The end-of-year lists and reflections have begun.
Asheville Citizen-Times staffer (and former Xpress multimedia editor) Jason Sandford has been posting an entertaining series of lists on his popular Ashvegas blog. In the “Big Asheville Media Moves” category, he celebrated the return of television anchor and reporter Frank Kracher to WLOS.
After a five-year absence from the local airwaves, during which he worked for an ABC affiliate in Syracuse, N.Y., Kracher moved back to Asheville about two years ago and got re-hired by WLOS in June, according to Sandford.
“Kracher and WLOS probably reach more people with their news than any other outlet in town, so this was a big move,” Sandford explained. “It’s great to see Kracher talking to me on the TV box again.”
Sandford also reviewed staffing changes at a number of other local outlets, including WCQS (Jody Evans took over as executive director in July), WNC Magazine (Rita Larkin took over for Eric Seeger as managing editor) and Xpress (reporter Michael Muller, Sandford declared, established himself as “one of the most unique, controversial and compelling media figures in Asheville” during his six-month stint at the paper).
Local Edge Radio hosts Blake Butler and Lesley Groetsch also got a well-deserved shout-out for recently guest-hosting liberal talk-radio host Norman Goldman’s nationally syndicated show. They were heard in more than 30 markets around the U.S. Plans are in the works for the Local Edge hosts to fill in for Goldman again, they told Xpress.
Also making waves in the local blogosphere were posts by Asheville City Council members Gordon Smith and Cecil Bothwell in which they reflected on their first year in office.
In the Scrutiny Hooligans post “One Year In — The Wins,” Smith highlighted actions he says he took to fulfill his campaign promises. He called the Oct. 12 approval of a sustainability-bonus ordinance “the most important thing we accomplished all year,” arguing that it will help “reduce development battles, increase the stock of affordable housing and increase sustainable-building practices on our transit corridors.”
In “The Good, the Bad and the Ugly: A Year on Council,” Bothwell also cited the sustainability bonus, listing it as one of the two hardest votes he cast all year (the other concerned annexation). The ordinance, wrote Bothwell, “pitted my overall green agenda against my insistence on transparency and accountability in government.” In the end, Bothwell said he decided to vote for it because, in his mind, “Increasing density along transit routes and incentivizing green projects won out over the public-input argument.”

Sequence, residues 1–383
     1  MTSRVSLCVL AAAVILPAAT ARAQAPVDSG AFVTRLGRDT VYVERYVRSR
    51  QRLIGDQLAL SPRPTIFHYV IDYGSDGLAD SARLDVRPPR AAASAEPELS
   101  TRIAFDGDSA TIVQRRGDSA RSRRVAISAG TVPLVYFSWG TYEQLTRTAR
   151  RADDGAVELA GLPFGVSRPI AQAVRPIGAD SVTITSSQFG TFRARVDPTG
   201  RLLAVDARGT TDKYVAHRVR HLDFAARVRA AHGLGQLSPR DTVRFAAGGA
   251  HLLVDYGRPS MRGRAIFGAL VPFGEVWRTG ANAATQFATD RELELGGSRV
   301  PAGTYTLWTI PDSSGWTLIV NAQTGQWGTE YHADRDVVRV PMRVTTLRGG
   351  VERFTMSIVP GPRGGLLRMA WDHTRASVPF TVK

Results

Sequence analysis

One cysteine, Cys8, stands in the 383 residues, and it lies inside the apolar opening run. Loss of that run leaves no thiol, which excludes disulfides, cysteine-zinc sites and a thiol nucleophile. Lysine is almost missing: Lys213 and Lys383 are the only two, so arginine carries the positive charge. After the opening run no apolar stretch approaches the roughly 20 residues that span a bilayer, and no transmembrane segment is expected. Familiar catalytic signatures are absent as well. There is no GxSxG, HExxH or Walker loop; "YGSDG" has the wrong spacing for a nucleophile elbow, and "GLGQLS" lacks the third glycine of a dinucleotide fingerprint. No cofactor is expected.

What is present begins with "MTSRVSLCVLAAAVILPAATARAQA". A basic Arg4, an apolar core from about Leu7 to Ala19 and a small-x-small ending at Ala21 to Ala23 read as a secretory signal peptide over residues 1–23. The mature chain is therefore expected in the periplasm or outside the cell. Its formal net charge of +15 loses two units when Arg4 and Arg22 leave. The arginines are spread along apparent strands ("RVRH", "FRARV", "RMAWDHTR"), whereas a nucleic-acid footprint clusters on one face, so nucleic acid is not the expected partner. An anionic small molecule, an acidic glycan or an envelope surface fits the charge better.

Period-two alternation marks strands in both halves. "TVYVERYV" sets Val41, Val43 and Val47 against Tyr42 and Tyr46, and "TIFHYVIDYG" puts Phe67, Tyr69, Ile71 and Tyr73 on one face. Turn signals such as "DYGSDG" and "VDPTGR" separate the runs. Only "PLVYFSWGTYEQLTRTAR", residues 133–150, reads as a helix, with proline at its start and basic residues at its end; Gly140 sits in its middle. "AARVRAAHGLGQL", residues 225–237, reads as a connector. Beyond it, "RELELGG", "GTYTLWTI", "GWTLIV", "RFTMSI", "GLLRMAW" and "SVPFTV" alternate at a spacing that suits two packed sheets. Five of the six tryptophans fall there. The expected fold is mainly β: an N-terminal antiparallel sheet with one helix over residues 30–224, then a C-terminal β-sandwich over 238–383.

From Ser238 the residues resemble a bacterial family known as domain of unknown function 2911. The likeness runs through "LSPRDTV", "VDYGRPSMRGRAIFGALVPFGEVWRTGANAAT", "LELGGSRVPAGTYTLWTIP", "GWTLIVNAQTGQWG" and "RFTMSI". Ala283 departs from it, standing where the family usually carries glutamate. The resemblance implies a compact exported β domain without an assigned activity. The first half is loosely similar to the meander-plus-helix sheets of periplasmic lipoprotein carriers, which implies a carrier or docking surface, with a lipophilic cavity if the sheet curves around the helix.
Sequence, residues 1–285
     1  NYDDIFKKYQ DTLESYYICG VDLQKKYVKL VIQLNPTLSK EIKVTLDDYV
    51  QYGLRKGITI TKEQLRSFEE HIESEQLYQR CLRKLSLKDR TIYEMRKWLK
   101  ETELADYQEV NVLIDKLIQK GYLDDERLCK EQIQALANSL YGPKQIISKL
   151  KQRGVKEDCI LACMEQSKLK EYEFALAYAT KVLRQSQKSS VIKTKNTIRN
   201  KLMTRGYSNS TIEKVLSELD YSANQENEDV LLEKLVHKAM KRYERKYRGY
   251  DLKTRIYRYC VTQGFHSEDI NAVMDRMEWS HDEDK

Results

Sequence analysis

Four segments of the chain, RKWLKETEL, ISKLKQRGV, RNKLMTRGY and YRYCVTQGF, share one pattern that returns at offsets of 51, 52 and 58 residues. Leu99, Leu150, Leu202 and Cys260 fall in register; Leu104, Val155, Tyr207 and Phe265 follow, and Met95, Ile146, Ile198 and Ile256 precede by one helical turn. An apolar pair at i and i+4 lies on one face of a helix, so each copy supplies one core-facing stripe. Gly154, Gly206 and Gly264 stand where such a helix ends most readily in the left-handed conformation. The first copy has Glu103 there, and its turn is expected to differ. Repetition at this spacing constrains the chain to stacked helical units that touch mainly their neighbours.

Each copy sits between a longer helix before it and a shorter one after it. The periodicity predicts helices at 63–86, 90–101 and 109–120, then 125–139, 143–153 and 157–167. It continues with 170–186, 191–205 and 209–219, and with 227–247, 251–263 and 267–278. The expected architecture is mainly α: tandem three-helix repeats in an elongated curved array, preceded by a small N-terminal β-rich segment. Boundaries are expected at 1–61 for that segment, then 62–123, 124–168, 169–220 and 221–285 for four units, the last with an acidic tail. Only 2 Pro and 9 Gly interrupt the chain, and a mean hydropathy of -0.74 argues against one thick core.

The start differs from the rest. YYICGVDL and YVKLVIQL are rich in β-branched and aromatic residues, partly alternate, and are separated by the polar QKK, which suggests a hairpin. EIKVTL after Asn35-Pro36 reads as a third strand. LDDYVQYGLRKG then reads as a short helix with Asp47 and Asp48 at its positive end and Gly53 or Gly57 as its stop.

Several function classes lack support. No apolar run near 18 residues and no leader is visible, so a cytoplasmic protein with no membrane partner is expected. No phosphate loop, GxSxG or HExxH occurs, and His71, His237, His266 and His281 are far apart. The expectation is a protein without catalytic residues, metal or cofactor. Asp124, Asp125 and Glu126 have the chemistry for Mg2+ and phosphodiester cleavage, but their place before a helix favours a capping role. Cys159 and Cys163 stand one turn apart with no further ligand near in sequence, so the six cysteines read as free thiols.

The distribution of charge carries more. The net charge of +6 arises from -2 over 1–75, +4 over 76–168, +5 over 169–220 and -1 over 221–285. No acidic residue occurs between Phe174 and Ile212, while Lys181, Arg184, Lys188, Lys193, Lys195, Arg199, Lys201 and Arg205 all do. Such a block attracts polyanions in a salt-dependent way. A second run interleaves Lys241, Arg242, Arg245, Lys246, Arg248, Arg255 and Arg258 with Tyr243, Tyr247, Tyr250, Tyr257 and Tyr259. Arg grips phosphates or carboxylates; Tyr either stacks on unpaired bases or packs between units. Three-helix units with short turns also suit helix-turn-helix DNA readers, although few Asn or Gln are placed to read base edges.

Both Council members also confessed that serving on Council is proving to be a big challenge.
“It’s been a learning curve like no other in my life,” Smith revealed. Bothwell, meanwhile, called his first year in office “educational, surprising, torturous and fun.”
“Perhaps the hardest lesson has been the discovery that, when push comes to shove and a vote must be cast up or down, two strongly held beliefs can be in direct conflict,” he continued.
Let it snow?
In other news, unusually cold and snowy weather continued in WNC this week. Temperatures in Asheville have been hovering far below normal, and the higher elevations northwest of downtown received sizable amounts of early-season snow. It’s made for a great start to the local ski season, with all five of North Carolina’s biggest resorts now open and reporting great conditions for this time of year, according to SkiNC.
And in the cover story “Road Crews Ready for Winter,” the Smoky Mountain News highlighted how “The region is tentatively gearing up for another season of icy assault.” According to the article, the N.C. Department of Transportation is expanding its snow-and-ice-removal operations, and some school systems have added options to their bad-weather-response plans. For example, Haywood County added a three-hour-delay schedule option to the existing two-hour-delay and full-day-closure options.
Other counties in the region may follow the example of Jackson and Macon counties by splitting themselves into districts more in sync with the local topography. That would allow students who are “truly affected by weather to stay safe and stay home, while those at lower altitudes who may see nary a flake on the ground can enjoy a normal school day,” the article reported.